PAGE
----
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Long Term Rental licenses now required in Denver; Costs and requirements skyrocket; affordable housing reduced
Denver is making waves again with the passage of a new law that requires all long-term rental properties to meet “min housing requirements”. On the surface the new law sounds innocuous, but the reality is far different. How will these new requirements impact the number of rental houses? What is “min housing requirements”? What are the unintended consequences of the new law?
What is in the new law?
The Denver City Council Business Committee approved a rental licensing policy program Wednesday that would require landlords to pay for long-term licenses to rent out their properties.
By requiring the long-term licenses, the “Healthy Residential Rentals for All” program intends to improve the conditions of rental properties, help the city track its housing stock and establish better communications between tenants and landlords.
To get a license, rental properties would need to pass an inspection to assure they adhere to Denver’s minimum housing standards, including having functional facilities, proper lighting and heating, sanitary dwellings, no pests and supplied utilities such as water and gas.
Landlords would need to hire certified private home inspectors themselves, costing around $150 for single-unit properties and $45 for each additional unit.
The program also features several renter protections, including requirements that landlords provide tenants with a copy of a written lease and a notice of tenant rights and resources within seven days of all new tenancies.
Landlords would also be required to provide tenant rights and resources with any rent demand. The rights and resources would be provided by the city and include information about minimum housing standards, how to file a complaint, legal rights when receiving an eviction notice and how to get rental assistance and legal representation.
What are the minimum housing standards?
The list is very extensive and is broken into 3 categories; here is a link to the full specifications provided by the city of Denver.
- Min housing and constructions standards
None of what is in the standards is rocket science, but each item will add considerable expense. For example on the heating you must be able to maintain 70 degrees in -5 temp. In older properties with single pane windows, the temp could drop below that level. If the tenants file a complaint, then they could stay in the unit for the remainder of the lease without paying until the situation is fixed.
Standards for rental properties and renters will be increased.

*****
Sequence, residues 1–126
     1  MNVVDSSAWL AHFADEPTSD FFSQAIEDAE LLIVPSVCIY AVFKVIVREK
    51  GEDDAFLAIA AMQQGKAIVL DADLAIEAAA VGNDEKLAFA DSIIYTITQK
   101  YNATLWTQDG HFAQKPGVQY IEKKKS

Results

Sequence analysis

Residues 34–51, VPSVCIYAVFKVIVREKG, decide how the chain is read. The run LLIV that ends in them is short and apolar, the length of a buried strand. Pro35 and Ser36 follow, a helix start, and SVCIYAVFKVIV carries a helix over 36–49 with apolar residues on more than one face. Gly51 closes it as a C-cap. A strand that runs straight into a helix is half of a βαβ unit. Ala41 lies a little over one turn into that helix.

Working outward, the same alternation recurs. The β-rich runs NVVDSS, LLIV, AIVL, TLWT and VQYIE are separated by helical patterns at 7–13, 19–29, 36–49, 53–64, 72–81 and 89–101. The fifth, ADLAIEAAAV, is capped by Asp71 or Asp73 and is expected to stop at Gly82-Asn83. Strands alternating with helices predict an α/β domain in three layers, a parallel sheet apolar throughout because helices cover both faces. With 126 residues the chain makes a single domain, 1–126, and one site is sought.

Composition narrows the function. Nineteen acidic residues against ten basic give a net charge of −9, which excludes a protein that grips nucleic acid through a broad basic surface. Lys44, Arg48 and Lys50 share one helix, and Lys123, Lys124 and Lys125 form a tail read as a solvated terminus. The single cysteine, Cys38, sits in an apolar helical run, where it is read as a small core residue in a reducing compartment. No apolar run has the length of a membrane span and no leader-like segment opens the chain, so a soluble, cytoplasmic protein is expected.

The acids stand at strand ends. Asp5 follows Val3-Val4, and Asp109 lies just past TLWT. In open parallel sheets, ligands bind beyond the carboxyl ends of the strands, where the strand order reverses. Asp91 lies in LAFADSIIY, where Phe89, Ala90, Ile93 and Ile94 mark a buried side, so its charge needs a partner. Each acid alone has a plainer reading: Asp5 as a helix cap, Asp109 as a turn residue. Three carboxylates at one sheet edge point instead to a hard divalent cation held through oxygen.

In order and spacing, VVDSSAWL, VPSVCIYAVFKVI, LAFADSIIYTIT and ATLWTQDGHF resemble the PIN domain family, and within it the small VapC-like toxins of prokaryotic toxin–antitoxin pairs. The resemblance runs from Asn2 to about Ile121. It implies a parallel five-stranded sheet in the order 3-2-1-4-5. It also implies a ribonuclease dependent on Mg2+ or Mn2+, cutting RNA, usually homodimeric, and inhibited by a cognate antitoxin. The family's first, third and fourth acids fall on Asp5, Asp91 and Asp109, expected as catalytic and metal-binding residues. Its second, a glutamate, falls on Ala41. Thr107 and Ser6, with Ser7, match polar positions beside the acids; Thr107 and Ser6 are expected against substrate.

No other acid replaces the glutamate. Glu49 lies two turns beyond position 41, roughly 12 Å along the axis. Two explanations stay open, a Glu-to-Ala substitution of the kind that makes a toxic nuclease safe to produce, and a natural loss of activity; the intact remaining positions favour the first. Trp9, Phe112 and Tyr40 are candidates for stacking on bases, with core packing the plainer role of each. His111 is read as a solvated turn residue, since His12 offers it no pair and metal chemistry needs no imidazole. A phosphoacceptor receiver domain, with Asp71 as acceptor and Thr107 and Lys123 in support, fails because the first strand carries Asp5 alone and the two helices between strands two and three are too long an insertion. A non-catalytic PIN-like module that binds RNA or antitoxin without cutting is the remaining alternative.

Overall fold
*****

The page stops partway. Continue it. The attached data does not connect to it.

With increased requirements for property owners, property owners will also increase requirements for tenants. For example, many older units will need to be substantially updated to comply with the new requirements. These property owners will demand more qualified tenants (higher credit scores, more security deposit,etc… ) to protect their investment
Costs will be passed on to renters.
There is no free lunch in economics. I guarantee rents will be increased to comply with the new regulations. For example the inspection fee every four years and registration fees will be baked into the new lease rates along with any improvements that have to be done to comply with the new regulations.
Mom and pop impacted the most.
I always find it ironic how government regulation picks winners and losers. Unfortunately the small property owner will be a loser in this. Large property owners/corporate owners have the resources to manage compliance and put substantial capital into properties. Unfortunately the increased regulations will force out the smaller players. A good example is the banking market. After 2008, the amount of regulations on banks increased substantially. As a result, smaller banks either went out of business or were acquired by larger national or regional players. This new law in Denver is no different with many smaller owners exiting the business.
There will be a reduction in long term rental properties.
As regulations increase along with property taxes, at some point it becomes unprofitable to operate units focusing on lower income renters. With values soaring, many property owners will end up selling to focus on areas that are more profitable. For example, they could sell the property in Denver and get a better return on a rental in CO springs or Greeley which are more cost effective markets.
As with anything in economics, money doesn’t grow on trees. Unfortunately Denver, like many cities has missed this memo. There will be unintended consequences from legislation. In the case of the new law, “Healthy Residential Rentals for All”, there is no free lunch as someone will pay. Unfortunately renters will be on the hook for higher rents driven by increased compliance costs while at the same time supply will be reduced. Unfortunately, the new law will not only increase rents, but also decrease the amount of affordable housing in Denver as small property owners either sell or focus on higher paying tenants. I doubt that the intent of the bill was to reduce affordable housing, but this is exactly what will happen. The only way to increase affordable housing and quality is through more supply
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Written by Glen Weinberg, COO/ VP Fairview Commercial Lending. Glen has been published as an expert in hard money lending, real estate valuation, financing, and various other real estate topics in Bloomberg, Businessweek ,the Colorado Real Estate Journal, National Association of Realtors Magazine, The Real Deal real estate news, the CO Biz Magazine, The Denver Post, The Scotsman mortgage broker guide, Mortgage Professional America and various other national publications.
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